Truck Driver Training

The truck driving profession is one that is least hit by unemployment, and thus is a popular choice for many who need steady income and job security. Anyone can become a truck driver, however, getting the best training can be a challenge. Read on to find out more about truck driver training.


There is much more to driving a truck than just getting one’s CDL (Commercial Drivers License). Truck driving schools offer intensive training that prepares novice drivers for life on the road. Truck driver training teaches students all aspects of truck driving from safety and Department of Transportation rules and regulations to how to drive in poor weather conditions. Once a person has completed truck driver training, they are qualified to go to work for most trucking companies within the United States.


There are three types of driver training schools available: public institutions, private schools and motor carrier training. Public institutions are funded and regulated by state and local governments. The training usually takes place within the confines of a local vocational school or community college. The cost of training through a public institution is normally lower; however, the length of the course is substantially longer (several months). The curriculum tends to be more in depth and you can learn a tremendous amount from attending this type of program.

Private schools are for-profit organizations that offer the training program to make a profit. These schools are generally required to carry a license, and are monitored by the state in which they are located. Not all private schools are created equal, however, so one must use caution when choosing a private training program. The shorter the length of the program, the less credible and worthwhile that program may be. The main focus of the private school is to turn out satisfied customers (drivers), and you can easily find out a school’s reputation by doing a bit of research.

Motor Carrier training programs are sponsored solely by one motor carrier for the express purpose of creating more qualified drivers for their own company. Of the three types of training, this can be the least credible and should be researched and well thought out before committing. Motor Carrier programs require the student driver to contract to service with the company, during which time, part of the driver’s earnings will be withheld in order to repay the company for the training. The training provided in this type of program can be minimal at best. The industry is starting to implement stricter standards with regards to driver training, however, so all training programs are coming under scrutiny in hopes of protecting student drivers and making certain that they are getting all the necessary training in order to operate safely.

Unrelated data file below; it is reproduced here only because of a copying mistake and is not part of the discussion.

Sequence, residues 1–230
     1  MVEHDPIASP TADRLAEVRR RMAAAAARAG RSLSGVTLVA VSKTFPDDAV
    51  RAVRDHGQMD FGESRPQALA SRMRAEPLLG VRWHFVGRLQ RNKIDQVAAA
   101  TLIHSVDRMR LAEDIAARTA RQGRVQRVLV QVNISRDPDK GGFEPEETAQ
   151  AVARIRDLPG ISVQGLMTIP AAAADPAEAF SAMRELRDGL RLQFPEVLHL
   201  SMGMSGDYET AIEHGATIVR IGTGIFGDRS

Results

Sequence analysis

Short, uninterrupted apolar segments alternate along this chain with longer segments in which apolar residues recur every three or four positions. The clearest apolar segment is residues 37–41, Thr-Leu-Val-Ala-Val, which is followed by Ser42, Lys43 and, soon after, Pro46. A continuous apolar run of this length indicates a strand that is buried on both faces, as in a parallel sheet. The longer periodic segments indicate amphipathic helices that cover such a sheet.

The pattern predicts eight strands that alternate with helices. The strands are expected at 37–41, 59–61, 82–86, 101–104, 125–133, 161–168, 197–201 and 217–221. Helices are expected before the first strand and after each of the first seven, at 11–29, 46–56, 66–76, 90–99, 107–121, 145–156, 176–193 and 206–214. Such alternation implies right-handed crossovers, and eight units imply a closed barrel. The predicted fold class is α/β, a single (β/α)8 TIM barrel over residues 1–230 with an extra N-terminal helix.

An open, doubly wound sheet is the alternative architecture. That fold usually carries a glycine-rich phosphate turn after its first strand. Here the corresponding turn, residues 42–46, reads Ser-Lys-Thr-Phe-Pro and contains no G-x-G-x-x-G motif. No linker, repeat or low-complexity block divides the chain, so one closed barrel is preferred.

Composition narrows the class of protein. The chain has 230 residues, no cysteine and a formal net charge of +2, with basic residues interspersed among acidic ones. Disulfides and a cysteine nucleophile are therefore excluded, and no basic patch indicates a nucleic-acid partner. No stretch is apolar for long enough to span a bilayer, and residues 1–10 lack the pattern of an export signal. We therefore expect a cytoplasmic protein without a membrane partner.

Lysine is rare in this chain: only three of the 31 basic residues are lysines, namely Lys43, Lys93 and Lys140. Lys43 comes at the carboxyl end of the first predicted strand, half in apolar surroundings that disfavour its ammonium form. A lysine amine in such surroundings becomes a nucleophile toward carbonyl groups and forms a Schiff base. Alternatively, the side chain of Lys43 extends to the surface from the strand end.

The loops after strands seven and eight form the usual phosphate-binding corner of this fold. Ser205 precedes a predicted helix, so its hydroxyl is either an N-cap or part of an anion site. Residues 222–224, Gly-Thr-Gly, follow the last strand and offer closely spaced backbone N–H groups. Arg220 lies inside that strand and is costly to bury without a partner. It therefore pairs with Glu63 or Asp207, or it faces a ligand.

Time Frame

Training at truck driving schools can last from two weeks to over two months. Two week programs should be avoided as they often tend to be no more than “CDL Mills” that just pass drivers through with the very minimum of training. Once the school training has been completed and a driver is ready to begin with a trucking company, the training period for that company can range from two weeks to a month or more. During this training period, the new driver is paired with a company trainer who normally rides along and monitors the new driver’s habits and skills. Once the training period is complete, and the trainer feels that the driver is thoroughly capable of driving alone, the new driver will be released to start working solo jobs.


Anyone interested in a truck driving career must consider several factors about driver training programs. The length of the program can be an issue for anyone who might not be able to take that much time to go through an extensive training program, such as public institution training. Quality of training is probably the most important factor as inexperience leads to accidents and even fatalities on the road. Cost of a program, also, is an important factor. It may take some homework to find the best training program, but it’s worth it in order to get the best training possible.


There are hundreds of driver training programs throughout the US. Some are excellent, accredited and licensed providers; others are fly-by-night operations looking to make a quick buck. Always be aware of flawed and fraudulent advertising, especially when an advertisement states that the training is “Free” or very low in cost. Free, in this context, means you are signing yourself over to a school or motor carrier, and are in debt to them for the cost of your training. You have to remain in service with that company until your debt is paid. Leaving early means being charged for the full cost of the program, and in some cases double that amount.

Always look out for those programs that serve only as “CDL Mills.” The scope of training is limited, at best. Such programs are not focused on providing quality training, they are only interested in the bottom line, and should be avoided. Truck driving is a dangerous profession which requires extensive knowledge and a top level of responsibility for the driver, the truck and for anyone else on the road. Being unleashed without the proper training can end in sometimes tragic results.